But for all the good that storytelling could inform us on the nature of night and day, the changing of seasons, navigating and mapping far away terrain, there remained uncertainty. Volcanoes erupt. Rivers flood. Storms ... storm. A race of storytellers, with only basic understanding of the world, would naturally start to see these as signs that the celestial and terrestrial "gods" they've been telling each other about must be fickle and prone to fits of anger. The gods must be getting angry about things we have done (because we're also egocentric, of course). And so, we started noticing patterns where none existed.
Imagine one day, out of the blue, you start a fire at a different time of day than usual, and lo and behold, an overnight storm hits. You'll look for an explanation, and if you can't blame your neighbour, you'll believe that you are at fault - starting a fire at noon angered the storm god(s) somehow. The next day you apologize to thin air, and go back to your old routine, hoping for a return to normal. That night, there is no storm. Confirmation bias tells you you did the right thing, and a superstition is born. The next day we are sacrificing cows and scalping our enemies. People are stupid.
Superstition evolved as a way of attempting to control the elements, by appeasing the gods. Have you ever given a thought to why you touch wood for good luck, or why you avoid walking under ladders? In a nutshell, superstitions are all designed to try and bring order, calm and fortune to a world that in reality you have very little control over. We don't like accepting that we have no control over the world, and to be honest, I still don't like that even though we understand what drives weather patterns, chaos theory means it remains somewhat unpredictable! Unpredictability is scary, so superstitions must have brought comfort to a lot of people (and death to others).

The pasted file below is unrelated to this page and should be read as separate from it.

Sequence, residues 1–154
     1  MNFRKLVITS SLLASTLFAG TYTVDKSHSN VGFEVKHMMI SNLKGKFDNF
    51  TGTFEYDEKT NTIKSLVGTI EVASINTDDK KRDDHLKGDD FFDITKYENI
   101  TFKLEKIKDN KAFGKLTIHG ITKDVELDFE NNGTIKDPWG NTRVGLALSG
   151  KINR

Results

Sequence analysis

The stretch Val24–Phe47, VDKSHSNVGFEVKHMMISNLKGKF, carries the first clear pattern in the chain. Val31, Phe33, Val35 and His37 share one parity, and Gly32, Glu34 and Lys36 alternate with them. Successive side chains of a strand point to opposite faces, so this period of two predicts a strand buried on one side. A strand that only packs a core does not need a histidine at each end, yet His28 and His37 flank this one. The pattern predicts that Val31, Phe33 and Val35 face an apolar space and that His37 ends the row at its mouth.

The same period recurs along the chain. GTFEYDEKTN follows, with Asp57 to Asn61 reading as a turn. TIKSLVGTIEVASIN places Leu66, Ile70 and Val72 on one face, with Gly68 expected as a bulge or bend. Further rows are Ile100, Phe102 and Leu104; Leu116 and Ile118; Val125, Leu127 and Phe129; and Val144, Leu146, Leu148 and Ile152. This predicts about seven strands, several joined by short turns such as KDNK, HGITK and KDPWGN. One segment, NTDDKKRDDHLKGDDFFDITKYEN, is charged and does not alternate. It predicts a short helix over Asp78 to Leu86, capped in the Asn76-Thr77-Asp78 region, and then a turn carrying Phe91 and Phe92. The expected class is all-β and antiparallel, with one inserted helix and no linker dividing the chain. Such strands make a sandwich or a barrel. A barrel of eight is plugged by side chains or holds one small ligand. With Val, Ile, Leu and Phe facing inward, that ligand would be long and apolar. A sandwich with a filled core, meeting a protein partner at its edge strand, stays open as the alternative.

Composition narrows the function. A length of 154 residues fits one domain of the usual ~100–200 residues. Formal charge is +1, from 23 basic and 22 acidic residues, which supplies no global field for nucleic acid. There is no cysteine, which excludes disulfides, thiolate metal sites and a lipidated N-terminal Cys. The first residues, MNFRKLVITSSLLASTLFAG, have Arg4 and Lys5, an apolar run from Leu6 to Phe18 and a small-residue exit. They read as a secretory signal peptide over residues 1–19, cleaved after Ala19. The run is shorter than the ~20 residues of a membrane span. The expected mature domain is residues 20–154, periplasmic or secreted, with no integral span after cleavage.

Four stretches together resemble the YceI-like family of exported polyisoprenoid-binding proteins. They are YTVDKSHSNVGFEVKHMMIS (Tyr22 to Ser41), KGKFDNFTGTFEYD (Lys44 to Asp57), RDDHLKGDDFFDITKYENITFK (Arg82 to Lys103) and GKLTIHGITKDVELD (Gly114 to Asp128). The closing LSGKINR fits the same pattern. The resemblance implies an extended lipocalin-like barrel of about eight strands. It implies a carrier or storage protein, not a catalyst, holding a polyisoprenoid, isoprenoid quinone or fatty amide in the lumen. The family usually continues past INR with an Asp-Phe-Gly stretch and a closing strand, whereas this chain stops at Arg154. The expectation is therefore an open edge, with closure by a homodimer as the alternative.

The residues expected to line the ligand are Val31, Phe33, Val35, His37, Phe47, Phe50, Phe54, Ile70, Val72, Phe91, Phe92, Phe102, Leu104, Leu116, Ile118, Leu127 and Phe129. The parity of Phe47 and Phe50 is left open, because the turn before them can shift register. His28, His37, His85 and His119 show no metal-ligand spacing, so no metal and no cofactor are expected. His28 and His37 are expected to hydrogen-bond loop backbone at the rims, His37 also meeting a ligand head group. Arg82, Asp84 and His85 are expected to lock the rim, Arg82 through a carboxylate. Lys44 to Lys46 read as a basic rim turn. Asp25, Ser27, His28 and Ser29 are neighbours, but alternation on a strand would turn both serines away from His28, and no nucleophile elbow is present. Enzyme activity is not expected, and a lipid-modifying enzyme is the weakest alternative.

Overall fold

Fast forward to today. We now know that weather is quantifiable, we can test whether touching wood will bring us luck (surprisingly, it actually will! ... But only if you believe it will. It doesn't affect people from cultures where this isn't a superstition, or people with memory loss), and many of us have cast off the shackles of religion as just a story told by a regime that has spent the better part of 2000 years oppressing those who think differently. But crucially, we still recoil from the idea that things just happen.
This is where I believe conspiracy theorists come in. In my admittedly small sample size of encounters, I've generally found these people to be fairly intelligent - intelligent enough not to be superstitious - but they have an unfortunate combination of two other attributes: they seriously distrust authority figures, and they take great comfort from the idea that all the seemingly random things that happen are actually cleverly orchestrated by the manipulative and deceitful powers-that-be (granted, it doesn't help when governments actually do do some really shady things behind closed doors).